Digital visual evidence presentation systems like computer-generated graphical presentations, animated graphics, and immersive virtual environment technology have been used in various civil cases as well as criminal cases to communicate technical terms to non-technical audiences in a courtroom. According to a featured cover story of a 1989 issue of American Bar Association (ABA) Journal, the first major use of computer-generated animations in court took place in a federal civil case for the Delta flight 191 crash. Commonwealth v Serge also showed an example of a criminal case where computer-generated animation was properly admitted as demonstrative evidence.
However, Scofield(2016) in his article “The Use of Computer-Generated Imagery in Legal Proceedings” argued that the use of computer-generated evidence in the US has primarily been in civil cases, and its usage in criminal cases can often be more problematic based on its admittance in the court of law.
Selback (1994) in his High Technology Law Journal publication on “The Prejudicial Effects of Computer-generated Animation in the Courtroom” made a submission on the standard admissibility requirements for computer graphics in a court case. He submitted that the admission of computer-generated graphics must meet the requirements of the Federal Rule of Evidence 803(24), 901, 401, 402, and 702. He also maintained that the Federal Rule of Evidence 403, provides the best rationale for the exclusion of computer-generated graphics as admissible evidence.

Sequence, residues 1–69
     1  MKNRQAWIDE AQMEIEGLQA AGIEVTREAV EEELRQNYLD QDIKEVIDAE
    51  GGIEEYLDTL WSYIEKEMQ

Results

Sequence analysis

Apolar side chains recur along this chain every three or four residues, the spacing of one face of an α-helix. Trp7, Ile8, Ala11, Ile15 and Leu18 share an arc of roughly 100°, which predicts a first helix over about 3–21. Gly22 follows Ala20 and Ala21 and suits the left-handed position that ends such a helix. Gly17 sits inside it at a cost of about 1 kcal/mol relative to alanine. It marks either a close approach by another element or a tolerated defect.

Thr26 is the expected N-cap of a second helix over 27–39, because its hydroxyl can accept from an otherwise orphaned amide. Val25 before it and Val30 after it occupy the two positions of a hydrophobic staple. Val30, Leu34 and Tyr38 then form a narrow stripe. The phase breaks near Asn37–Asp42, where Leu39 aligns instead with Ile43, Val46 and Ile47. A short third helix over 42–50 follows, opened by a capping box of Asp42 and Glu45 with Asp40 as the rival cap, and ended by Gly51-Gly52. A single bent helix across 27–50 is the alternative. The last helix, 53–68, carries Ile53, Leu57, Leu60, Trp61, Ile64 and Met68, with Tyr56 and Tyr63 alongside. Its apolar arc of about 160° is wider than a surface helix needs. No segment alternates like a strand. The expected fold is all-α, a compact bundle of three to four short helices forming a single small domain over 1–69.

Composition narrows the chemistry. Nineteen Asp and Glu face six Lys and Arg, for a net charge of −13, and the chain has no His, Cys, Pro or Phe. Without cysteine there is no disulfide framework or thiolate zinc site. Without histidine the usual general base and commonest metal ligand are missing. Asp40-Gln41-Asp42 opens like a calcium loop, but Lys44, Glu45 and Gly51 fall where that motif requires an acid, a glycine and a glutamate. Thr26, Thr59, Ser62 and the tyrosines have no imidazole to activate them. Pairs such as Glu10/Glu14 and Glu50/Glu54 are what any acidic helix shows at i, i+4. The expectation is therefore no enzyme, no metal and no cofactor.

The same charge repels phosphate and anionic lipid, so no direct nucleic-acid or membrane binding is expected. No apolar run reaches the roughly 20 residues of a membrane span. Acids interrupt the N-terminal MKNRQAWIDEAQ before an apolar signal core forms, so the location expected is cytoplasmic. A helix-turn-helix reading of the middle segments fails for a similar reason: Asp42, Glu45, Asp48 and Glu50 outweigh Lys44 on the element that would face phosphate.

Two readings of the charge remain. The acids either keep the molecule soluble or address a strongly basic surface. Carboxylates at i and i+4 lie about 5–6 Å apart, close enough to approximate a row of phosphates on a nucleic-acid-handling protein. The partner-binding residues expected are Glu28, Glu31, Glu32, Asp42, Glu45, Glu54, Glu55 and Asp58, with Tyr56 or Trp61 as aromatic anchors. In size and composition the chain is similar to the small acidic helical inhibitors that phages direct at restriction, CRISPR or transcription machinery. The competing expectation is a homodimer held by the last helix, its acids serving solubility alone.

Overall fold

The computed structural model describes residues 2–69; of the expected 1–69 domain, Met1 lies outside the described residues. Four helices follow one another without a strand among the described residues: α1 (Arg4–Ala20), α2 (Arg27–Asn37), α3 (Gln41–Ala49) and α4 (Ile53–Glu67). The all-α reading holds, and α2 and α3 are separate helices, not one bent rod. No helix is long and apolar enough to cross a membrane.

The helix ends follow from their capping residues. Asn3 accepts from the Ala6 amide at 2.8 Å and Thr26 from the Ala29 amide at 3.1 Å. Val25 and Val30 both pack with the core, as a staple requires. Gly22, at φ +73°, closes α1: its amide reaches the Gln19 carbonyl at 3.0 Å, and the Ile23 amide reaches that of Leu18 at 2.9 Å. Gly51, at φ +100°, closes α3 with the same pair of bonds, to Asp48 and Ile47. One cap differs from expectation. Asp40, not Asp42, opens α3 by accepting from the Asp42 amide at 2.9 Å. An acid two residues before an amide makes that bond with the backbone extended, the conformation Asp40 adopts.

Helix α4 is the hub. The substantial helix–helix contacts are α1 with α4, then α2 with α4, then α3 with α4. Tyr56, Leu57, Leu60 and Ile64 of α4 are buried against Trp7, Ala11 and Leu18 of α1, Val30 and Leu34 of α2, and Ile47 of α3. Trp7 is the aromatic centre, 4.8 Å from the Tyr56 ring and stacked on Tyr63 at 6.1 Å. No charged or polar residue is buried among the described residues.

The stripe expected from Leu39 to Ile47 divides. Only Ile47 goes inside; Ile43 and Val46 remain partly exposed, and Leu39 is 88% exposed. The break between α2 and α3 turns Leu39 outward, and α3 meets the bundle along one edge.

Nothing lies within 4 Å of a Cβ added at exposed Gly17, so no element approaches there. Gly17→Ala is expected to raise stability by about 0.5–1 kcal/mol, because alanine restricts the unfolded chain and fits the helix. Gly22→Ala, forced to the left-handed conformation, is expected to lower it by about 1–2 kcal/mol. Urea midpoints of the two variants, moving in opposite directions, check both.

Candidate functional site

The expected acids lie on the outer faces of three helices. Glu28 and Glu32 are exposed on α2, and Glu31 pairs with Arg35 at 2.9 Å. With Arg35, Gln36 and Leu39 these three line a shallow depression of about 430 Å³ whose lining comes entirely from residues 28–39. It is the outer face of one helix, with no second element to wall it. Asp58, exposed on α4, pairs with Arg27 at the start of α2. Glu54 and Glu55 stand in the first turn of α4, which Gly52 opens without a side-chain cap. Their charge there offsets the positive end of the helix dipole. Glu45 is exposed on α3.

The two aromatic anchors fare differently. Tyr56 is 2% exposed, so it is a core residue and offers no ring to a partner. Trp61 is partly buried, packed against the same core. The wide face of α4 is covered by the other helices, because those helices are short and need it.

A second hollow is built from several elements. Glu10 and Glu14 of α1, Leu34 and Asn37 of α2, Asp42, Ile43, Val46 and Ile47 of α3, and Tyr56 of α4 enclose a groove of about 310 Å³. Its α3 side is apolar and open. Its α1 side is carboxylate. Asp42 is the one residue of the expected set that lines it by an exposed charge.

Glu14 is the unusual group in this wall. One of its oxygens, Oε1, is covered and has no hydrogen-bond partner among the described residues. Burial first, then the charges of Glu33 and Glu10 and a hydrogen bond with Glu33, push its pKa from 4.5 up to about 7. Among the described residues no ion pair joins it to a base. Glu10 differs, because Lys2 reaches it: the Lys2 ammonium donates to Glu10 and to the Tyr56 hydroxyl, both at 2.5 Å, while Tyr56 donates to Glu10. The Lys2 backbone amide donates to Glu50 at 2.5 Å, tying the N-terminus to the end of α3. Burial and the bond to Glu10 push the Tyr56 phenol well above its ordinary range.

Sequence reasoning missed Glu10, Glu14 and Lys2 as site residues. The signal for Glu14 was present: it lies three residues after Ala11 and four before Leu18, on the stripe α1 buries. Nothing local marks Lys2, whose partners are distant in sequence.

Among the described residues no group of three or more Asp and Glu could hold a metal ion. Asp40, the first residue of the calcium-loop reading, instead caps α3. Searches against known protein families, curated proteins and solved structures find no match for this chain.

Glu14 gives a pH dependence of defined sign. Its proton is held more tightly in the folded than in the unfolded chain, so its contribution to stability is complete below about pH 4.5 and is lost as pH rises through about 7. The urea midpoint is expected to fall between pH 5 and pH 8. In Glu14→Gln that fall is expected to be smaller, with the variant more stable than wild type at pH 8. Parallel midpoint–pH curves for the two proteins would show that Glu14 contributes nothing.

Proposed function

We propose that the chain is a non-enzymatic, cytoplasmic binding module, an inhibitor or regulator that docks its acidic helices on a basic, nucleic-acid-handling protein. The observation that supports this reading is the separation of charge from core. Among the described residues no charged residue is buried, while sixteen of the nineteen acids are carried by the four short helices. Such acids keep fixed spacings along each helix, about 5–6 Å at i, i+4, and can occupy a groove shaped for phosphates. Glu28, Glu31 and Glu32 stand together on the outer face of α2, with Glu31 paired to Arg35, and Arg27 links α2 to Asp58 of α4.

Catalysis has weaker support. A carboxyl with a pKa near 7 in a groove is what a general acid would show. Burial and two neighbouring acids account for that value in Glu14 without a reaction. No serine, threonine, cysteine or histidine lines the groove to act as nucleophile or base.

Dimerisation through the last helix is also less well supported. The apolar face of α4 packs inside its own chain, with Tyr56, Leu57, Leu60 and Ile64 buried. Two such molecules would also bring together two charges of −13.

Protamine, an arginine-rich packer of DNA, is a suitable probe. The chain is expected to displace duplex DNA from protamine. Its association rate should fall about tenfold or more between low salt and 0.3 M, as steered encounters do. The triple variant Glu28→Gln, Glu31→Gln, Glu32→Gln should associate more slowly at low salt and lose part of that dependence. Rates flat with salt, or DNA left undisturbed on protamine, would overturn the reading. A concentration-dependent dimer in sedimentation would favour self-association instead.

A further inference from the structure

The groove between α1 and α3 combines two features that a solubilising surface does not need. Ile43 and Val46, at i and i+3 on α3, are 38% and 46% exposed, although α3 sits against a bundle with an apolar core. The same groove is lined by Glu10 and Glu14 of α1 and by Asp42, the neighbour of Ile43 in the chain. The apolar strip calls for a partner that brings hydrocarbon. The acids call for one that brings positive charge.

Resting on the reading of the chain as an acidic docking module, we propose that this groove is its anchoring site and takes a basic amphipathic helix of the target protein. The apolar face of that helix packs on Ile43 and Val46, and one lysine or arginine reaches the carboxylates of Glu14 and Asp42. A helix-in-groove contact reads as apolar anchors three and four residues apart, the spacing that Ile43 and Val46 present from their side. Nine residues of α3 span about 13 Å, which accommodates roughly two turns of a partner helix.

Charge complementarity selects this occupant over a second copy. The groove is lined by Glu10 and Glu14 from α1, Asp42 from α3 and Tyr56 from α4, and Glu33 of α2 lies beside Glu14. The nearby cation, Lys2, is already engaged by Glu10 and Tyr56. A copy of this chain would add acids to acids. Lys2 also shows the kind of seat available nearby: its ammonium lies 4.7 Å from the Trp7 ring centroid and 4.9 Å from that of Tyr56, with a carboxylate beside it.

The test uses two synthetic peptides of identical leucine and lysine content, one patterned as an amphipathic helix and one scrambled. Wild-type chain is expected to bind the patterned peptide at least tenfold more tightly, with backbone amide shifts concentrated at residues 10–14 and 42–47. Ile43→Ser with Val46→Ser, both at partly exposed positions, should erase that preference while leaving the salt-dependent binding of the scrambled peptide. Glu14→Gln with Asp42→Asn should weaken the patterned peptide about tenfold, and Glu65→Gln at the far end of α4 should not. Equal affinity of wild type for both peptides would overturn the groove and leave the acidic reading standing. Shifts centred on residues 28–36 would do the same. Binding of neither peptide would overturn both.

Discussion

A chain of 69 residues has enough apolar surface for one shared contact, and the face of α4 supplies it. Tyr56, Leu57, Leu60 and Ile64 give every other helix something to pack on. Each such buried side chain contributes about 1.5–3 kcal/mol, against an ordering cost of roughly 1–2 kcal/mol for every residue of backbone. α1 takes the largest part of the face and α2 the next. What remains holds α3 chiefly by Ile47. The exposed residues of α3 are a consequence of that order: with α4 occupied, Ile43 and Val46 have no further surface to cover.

Scofield (2016) explained that the use of computer animations and simulations in criminal cases must be analyzed carefully. The results from a civil trial may mean an award or loss of money, whereas, in a criminal trial, loss of liberty may be the case. There is a risk in a criminal trial that the members of the jury can be overburdened by the scientific techniques involved in the demonstration with computer graphics. This can be used by any party as a tool of advantage to amplify the benefits or disadvantages of the results thereby leading to unfair prejudice and other issues as pointed out in the Federal Rule of Evidence listed above.
Notwithstanding the fear of unfair prejudice, confusing the issues, misleading the jury, undue delay, wasting time, or needlessly presenting cumulative evidence in the admittance of computer graphics – as stated by the Federal Rule of Evidence 403, it can be used by both parties involved in the case. Rule 803(24) also requires parties seeking to admit the evidence to notify the other side of the animation’s existence and counsel’s intent to enter it into the evidence. Hence, irrespective of the case being a civil or a criminal case, what is crucial is that attorneys from either party who seek to use computer graphics should be able to demonstrate that the value of computer graphics exceeds the feared prejudice.